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Support for Assessment 2 - Case study


For assessment 2 you must critique a supplied case study, and answer an associated key question. You responses will be submitted as a report. This resource will assist you in finding scholarly references to support your responses. 

Please see your course outline and course site for the full assessment details, case study and key question.

What is a case study?

Watch the video below for an overview of case studies (4 min):

For more information and tips on case studies, consult the link below.

1. Identify keywords

Before you start searching you should:

  • Identify the main concepts within your topic or question
  • Think of alternative words or synonyms you could search for

For the sample question:
Does the rewards system ensure strategic objectives are met and employees are suitably motivated to perform?

Concepts Alternative words and synonyms
Reward system rewards and recognition, compensation, employee benefits, pay for performance, renumeration
Strategic objectives organisational goals, business targets,
Employee performance staff motivation, employee motivation, staff performance, performance management, staff engagement

You've also been encouraged to address HR theory in your responses. You could add this as another search concept:

Concepts Alternative words and synonyms
Theory theories, theorist, behavior reinforcement theory, expectancy theory, equity theory, agency theory, Vroom, Adam, Alchian, Demsetz, Jensen, Meckling, Ross, Mitnick

2. Plan your search

Now combine your terms, to create a search strategy:

  • Use AND to connect different concepts 
  • Use OR to connect alternative keywords 
  • Use "double quotes" around phrases to find an exact match 

Some search tools feature multiple text entry boxes.
Enter your search in a table, like box 1 above. For example:

  "rewards and recognition" OR compensation
AND "strategic objectives" OR "business targets" OR "corporate goals"
AND motivation OR engagement

Other search tools only have a single search box.
Enter your search as a single line, using brackets around each concept:

("rewards and recognition" OR compensation) AND ("strategic objectives" OR "business targets" OR "corporate goals") AND (motivation OR engagement)

To learn more about planning your search, view:

What are scholarly sources?

For this assessment, you must use a minimum of ten scholarly, authoritative sources. 

Scholarly sources are also referred to as academic sources. They include peer-reviewed (refereed) materials. These can include journal articles, books, book chapters, reports and other sources.

The resources below explain further:

3. Find scholarly references

The Library Collection can be a useful starting point in locating scholarly sources.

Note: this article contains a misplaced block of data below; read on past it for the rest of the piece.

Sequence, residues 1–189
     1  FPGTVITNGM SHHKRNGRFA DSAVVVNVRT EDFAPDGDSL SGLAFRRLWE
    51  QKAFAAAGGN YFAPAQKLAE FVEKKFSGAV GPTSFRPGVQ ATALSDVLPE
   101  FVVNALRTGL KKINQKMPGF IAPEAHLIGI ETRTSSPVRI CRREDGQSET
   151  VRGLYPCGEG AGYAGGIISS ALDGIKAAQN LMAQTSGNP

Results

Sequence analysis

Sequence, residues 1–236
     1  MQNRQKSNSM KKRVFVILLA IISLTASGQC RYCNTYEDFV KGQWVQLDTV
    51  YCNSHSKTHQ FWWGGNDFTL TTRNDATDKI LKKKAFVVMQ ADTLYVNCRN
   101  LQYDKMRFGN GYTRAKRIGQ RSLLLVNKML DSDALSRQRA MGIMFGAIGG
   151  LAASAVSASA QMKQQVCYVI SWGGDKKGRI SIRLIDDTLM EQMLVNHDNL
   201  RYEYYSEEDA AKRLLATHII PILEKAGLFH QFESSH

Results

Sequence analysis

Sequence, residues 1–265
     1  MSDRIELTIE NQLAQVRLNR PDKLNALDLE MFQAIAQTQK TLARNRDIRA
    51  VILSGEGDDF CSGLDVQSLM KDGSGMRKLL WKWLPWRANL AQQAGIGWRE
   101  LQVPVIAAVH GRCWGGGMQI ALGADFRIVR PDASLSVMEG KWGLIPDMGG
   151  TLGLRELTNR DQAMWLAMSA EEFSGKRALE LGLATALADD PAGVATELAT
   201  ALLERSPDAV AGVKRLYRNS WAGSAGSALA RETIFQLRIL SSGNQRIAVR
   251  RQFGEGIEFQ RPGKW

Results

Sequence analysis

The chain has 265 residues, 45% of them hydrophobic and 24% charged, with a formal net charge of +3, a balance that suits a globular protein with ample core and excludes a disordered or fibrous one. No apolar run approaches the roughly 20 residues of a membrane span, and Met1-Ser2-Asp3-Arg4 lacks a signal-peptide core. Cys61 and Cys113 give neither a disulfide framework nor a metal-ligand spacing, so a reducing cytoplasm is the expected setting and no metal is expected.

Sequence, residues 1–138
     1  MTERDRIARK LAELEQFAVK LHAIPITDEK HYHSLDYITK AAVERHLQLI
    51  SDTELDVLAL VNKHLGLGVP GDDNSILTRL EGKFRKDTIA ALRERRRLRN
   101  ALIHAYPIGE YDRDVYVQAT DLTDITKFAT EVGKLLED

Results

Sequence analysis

Here is our example search for the library collection:

Image: Library collection search box with keywords

: From the results page, select "Refine my results" to limit to Peer Reviewed, a date range, or Full Text Online

Google Scholar can also find scholarly material.  Use the Advanced search for greater option flexibility when searching:

  • select the hamburger menu in the top left (),
  • then select Advanced search.

Note that in the Google Scholar Advanced Search:

  • "All of the words" is used instead of AND, and
  • "At least one of the words" is used instead of OR.

An example Google Scholar advanced search is below:

Image: Google scholar advanced search entry box with keywords


Tip: Access Google Scholar via the link above, or from the Library home page. This will recognise the Library's subscriptions and provide access to the full text of many scholarly/academic articles.

Business Source Ultimate is the world's definitive scholarly business database, covering all things business. 

An example search in Business Source Ultimate is below.
Note that you can use the + icon under the search box to add more rows if necessary.

Image: Business Source Ultimate search box with sample keywords

Tip: One your results have loaded, use Limit To on the left to filter to peer-reviewed journals or select a publication date. 

4. Additonal resources

5. Evaluate references

Before writing, consider whether you have enough information. You may need to revisit your search strategy:

  • Not enough results? Remove a concept, or add extra keywords.
  • Too many results? Add a concept, or remove extra keywords

It is also important to evaluate the suitability of the resources that you find. The below video can help:

6. Write your report

It is now time to assemble your information into a report. Your course site has some tips to get you started and details the required structure.

Another useful source is Study Help, an online hub packed with resources to help with assignments and develop study skills. Their below short video (2 min 53 sec) discusses report writing specifically:

Need more help? Consult the below guide.

7. Cite (referencing)

You are required to cite the references you have used in your report. Consult your course page for information about the style you should use. 

The resources below will help you to get started.